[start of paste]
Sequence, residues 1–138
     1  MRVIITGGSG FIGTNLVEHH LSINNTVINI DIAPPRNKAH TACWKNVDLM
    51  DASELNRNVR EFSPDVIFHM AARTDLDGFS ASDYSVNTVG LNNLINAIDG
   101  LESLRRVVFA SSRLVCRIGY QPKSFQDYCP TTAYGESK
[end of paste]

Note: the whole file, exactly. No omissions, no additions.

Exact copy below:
Sequence, residues 1–138
     1  MRVIITGGSG FIGTNLVEHH LSINNTVINI DIAPPRNKAH TACWKNVDLM
    51  DASELNRNVR EFSPDVIFHM AARTDLDGFS ASDYSVNTVG LNNLINAIDG
   101  LESLRRVVFA SSRLVCRIGY QPKSFQDYCP TTAYGESK